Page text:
But what they aren’t saying is, that the minimum wage in 1963 was almost exactly what it is today, based on inflation because in 1963 it was $1.25, and now at $7-$8 with inflation is about the same amount and level. No real change. It’s still MINIMUM for a reason. So by using $2 they are being dishonest. Gee, what a shocker that is!

The skill set hasn’t improved, so the job’s wages haven’t either.


The strikers are targeting their employers — profitable companies like McDonald’s, Yum Brands (which includes Taco Bell, Pizza Hut and KFC) and Wendy’s.

Almost none of the fast food workers are employees of those companies. For the way the industry works is that the main company contracts with franchisees who run the actual stores. The employees are then the employees of those franchises.  THE SMALL BUSINESS MAN! There is no employment contract at all between the worker and those large companies: and those companies cannot determine the wages the workers get either. To get that sort of thing wrong in an editorial in the NYT is near unforgiveable. What’s worse though is that they’ve entirely failed to understand the economic points being made in this debate.

Media Matters can help us out here though through their own refusal to understand what is actually being said:

Contrary to industry officials’ claims, economic studies have concluded that raising the minimum wage has no effect on employment.

No, that’s not what economic studies have concluded. Rather, they have concluded this:

In a Center for Economy and Policy Research report titled “Why Does the Minimum Wage Have No Discernible Effect on Employment?” senior economist John Schmitt determined that there is “little or no employment response to modest increases in the minimum wage.”

“Minimum wages have no effect on employment” and “modest increases have little effect” are just not the same statement. And do note that the current demand is for a more than doubling of the minimum wage: something that we cannot describe as modest. commentor: Here is the point of view of any successful businessman. If you artificially force me to pay more for a worker than his job is worth, I will either shut down the business, figure out how to do the job with fewer workers, outsource it to lower my costs (for benefits, like health care), or figure out how to automate it. Fast food work is vulnerable to any or all of these solutions. What good is a mandatory higher wage for a job if the job no longer exists?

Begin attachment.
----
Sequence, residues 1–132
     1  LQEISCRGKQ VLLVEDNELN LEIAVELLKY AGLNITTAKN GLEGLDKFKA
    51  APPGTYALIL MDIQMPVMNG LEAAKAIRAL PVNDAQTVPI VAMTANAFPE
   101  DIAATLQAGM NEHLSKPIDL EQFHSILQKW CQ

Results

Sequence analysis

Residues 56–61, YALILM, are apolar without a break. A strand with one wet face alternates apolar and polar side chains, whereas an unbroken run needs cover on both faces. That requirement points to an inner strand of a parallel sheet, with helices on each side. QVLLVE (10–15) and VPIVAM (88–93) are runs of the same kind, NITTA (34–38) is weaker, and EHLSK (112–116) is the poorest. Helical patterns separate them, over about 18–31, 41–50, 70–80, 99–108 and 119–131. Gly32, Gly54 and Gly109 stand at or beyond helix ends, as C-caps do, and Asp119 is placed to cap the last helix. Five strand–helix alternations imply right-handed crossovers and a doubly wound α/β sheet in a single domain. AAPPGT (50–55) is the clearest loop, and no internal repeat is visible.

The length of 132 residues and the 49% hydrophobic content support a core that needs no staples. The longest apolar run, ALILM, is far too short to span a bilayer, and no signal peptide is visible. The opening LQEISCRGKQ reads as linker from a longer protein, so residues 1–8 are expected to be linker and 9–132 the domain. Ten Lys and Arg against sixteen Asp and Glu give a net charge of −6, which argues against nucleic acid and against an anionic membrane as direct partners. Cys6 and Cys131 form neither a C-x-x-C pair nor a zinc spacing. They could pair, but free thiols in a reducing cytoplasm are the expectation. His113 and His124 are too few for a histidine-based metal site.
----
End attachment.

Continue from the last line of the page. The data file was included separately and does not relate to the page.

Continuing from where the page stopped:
But reality doesn’t play into the Class warfare rhetoric and hype of the Left.

One liberal even called the Minimum Wage, “slave labor” so rational thought is not present on the Left.

We witnessed it between 2007 and 2009, when the federal minimum wage rose 41 percent and had a disastrous effect on youth employment. The joblessness rate for 16-19 year olds increased by 10 percentage points from 16 percent in 2007, to more than 26 percent in 2009. While some politicians claim that workers benefitted from the minimum wage hike, if you were to ask the 8.8 million workers who lost their jobs during the economic recession, I bet you’d get a different answer. It’s no secret that when you raise the cost of doing business, or in this case hiring workers, business owners have to find a way to trim their expenses and meet their bottom line. (Steve Cruz)

But the Let’s Agenda is deaf to reality. After all, if at first you fail, fail, fail again, because it  is obviously someone else’s fault for your failure! 🙂